What Is Orthorexia?
Orthorexia is an unhealthy focus on eating in a healthy way. Eating nutritious food is good, but if you have orthorexia, you obsess about it to a degree that can damage your overall well-being.
Steven Bratman, MD, a California doctor, coined the term in 1996. It means “fixation on righteous eating.” Since then, many medical professionals have accepted the concept.
It isn’t an official diagnosis. But the basic idea is that it includes eating habits that reject a variety of foods for not being “pure” enough. Eventually, people with orthorexia begin to avoid whole meals that don’t meet their standards or that they don’t make themselves.
Orthorexia Signs and Symptoms
If you have orthorexia, you might:
- Worry about food quality. High levels of concern about the quality and source of foods you eat could lead to anxiety.
- Avoid going out to eat, or avoid eating food prepared by others out of fear that foods you don’t prepare yourself won’t meet your standards.
- Fear sickness -- worry about how “clean” food is, or if it’s “bad” for your health.
- Show physical signs of malnutrition. When you limit the variety of foods you eat, you may not get all the nourishment you need. You could lose weight as a result.
- Bury yourself in food research. It’s one thing to spend a few minutes scanning a product label or surfing the web for more information on ingredients. But with orthorexia, you may spend hours thinking about food and planning meals.
- Refuse to eat a broad range of foods. It’s normal to pass on some foods because you don’t like the way they taste or the way they make you feel. But with orthorexia, you might decide to drop whole categories of foods from your diet -- grains, for example; or any foods with preservatives, gluten, or sugar; or all foods that just don’t seem “healthy”; or all of the above.
- Fear losing control. You feel that you’re doing the right thing by eating healthy. But you may also be afraid that eating even one meal you didn’t prepare -- including dinner at a restaurant -- can be disastrous.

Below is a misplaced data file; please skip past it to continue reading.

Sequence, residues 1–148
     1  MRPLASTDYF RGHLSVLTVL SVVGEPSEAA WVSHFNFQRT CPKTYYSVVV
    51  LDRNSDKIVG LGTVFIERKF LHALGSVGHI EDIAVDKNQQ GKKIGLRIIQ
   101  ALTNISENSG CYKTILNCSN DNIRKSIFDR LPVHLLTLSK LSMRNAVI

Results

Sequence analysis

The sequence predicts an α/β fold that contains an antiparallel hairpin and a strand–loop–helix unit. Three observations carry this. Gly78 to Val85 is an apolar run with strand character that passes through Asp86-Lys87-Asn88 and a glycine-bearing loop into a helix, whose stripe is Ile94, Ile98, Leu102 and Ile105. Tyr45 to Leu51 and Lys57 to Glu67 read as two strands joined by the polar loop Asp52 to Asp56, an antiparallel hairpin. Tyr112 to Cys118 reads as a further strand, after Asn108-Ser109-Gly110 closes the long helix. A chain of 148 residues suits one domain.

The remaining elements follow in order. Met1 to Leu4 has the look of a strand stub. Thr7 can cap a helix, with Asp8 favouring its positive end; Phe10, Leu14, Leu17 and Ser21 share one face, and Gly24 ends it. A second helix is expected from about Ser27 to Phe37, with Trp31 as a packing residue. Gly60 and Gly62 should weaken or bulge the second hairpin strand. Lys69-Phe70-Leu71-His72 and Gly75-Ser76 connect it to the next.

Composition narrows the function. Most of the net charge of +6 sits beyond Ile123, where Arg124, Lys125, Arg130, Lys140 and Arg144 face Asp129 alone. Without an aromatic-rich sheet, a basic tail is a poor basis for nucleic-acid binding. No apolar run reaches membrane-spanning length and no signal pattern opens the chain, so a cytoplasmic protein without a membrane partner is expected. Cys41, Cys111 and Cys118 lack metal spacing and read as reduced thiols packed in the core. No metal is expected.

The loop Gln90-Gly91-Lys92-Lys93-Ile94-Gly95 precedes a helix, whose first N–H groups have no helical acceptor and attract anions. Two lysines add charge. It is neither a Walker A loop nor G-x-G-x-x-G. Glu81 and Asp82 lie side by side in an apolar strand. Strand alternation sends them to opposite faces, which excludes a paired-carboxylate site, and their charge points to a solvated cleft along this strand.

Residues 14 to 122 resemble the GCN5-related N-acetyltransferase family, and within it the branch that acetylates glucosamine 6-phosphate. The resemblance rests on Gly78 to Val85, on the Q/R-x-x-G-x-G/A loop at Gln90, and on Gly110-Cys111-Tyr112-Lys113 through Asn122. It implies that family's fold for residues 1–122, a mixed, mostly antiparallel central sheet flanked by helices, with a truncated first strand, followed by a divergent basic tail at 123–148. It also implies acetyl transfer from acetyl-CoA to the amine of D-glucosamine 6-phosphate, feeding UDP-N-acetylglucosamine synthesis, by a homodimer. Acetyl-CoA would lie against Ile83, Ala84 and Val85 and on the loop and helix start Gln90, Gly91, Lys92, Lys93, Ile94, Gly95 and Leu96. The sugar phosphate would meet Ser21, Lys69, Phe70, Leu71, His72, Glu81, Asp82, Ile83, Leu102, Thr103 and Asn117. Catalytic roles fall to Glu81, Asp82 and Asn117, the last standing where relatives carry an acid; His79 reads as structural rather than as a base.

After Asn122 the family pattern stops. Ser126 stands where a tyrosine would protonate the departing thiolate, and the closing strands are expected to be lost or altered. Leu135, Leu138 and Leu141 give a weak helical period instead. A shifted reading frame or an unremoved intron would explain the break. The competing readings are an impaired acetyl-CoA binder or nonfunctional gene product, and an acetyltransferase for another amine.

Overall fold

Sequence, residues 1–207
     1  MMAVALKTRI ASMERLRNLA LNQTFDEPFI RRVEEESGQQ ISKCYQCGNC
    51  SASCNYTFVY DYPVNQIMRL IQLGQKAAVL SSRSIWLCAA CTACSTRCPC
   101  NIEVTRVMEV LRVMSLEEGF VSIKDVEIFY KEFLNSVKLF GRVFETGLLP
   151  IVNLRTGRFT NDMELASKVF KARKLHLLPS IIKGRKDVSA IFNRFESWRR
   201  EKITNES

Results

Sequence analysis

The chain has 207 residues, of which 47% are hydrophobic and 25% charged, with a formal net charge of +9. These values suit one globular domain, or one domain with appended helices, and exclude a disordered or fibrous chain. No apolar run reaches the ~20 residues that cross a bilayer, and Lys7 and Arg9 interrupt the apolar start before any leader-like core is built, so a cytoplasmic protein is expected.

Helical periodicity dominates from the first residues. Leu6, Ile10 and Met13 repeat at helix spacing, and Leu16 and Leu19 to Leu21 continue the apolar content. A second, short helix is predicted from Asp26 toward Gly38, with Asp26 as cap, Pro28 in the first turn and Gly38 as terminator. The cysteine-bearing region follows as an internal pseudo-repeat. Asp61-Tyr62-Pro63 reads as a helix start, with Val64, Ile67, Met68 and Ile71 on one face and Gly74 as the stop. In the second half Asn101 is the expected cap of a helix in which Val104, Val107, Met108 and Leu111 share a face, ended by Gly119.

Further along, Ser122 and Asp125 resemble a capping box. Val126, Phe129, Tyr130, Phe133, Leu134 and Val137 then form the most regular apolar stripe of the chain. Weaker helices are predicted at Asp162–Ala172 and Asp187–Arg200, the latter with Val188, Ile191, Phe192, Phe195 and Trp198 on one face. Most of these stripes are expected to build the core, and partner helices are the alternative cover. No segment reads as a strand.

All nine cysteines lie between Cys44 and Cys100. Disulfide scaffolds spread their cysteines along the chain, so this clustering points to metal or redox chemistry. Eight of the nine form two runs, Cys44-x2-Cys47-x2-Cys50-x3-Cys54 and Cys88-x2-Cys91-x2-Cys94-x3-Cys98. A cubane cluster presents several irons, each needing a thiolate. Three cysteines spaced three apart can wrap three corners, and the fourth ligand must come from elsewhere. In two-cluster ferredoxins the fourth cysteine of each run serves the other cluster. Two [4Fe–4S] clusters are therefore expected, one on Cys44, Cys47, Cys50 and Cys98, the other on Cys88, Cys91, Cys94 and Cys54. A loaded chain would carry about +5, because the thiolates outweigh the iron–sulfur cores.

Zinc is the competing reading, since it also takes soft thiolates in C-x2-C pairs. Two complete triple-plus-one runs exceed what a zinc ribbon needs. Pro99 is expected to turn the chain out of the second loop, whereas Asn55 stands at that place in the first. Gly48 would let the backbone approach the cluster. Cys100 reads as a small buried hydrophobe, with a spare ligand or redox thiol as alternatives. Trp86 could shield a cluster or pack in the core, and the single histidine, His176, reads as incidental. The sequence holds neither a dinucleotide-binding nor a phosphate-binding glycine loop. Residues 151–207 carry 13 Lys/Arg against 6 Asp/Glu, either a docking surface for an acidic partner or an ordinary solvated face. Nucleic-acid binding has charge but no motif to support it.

- Be overly critical of your friends’ food choices. At the same time, you may have no rational explanation for your own.
- Find yourself in a vicious circle. Your preoccupation with food causes you to bounce between self-love and guilt as you change and restrict your diet.
Orthorexia Causes and Risk Factors
Anyone can get an eating disorder. Though the causes and risk factors vary from person to person, they fall into three main groups:
- Biological: Having a close relative with an eating disorder, a history of dieting, or type 1 diabetes
- Psychological: Perfectionism, dissatisfaction with your body, or a history of anxiety
- Social/cultural: Being teased or bullied about your weight, having had family trauma that spans generations (as Holocaust survivors do), or buying into the idea of an “ideal” body
Right now, there are no official criteria for making a diagnosis because orthorexia isn’t included in the DSM-5, the guidelines doctors use to diagnose mental health conditions.
In 2016, Bratman and Thomas M. Dunn, PhD, a professor at the University of Northern Colorado, proposed a two-part diagnostic criterion for the condition:
Criterion A says the person will have an obsessive focus on healthy eating and get distressed over food choices they feel are unhealthy. They’ll lose weight as a result of food choices, but not because they’re trying to. In addition:
- They’ll compulsively follow and be obsessed with rules about food that they believe will promote health.
- Breaking the rules will create fear of disease along with anxiety and shame over their food choices.
- The rules will get harsher over time. The person may do cleanses.
Criterion B says the person my notice mental health and physical problems:
The key is to recognize that even though eating healthy food is good for you, the way you’re going about it is causing harm. You’ll need to train yourself to think differently about it.
If you feel you have an unhealthy relationship with eating, your doctor may suggest mindful eating strategies. Common treatments include:
- Exposure and response prevention: The more you’re exposed to the situation that causes you anxiety, the less it’ll upset you.
- Behavior modification: Understanding the negative effects of your actions so you can change what you’re doing
- Cognitive restructuring or cognitive reframing, which helps you identify habits and beliefs that cause stress and replace them with less rigid thoughts and actions
- Various forms of relaxation training, like breathing exercises, guided imagery, mindfulness meditation, yoga, and tai chi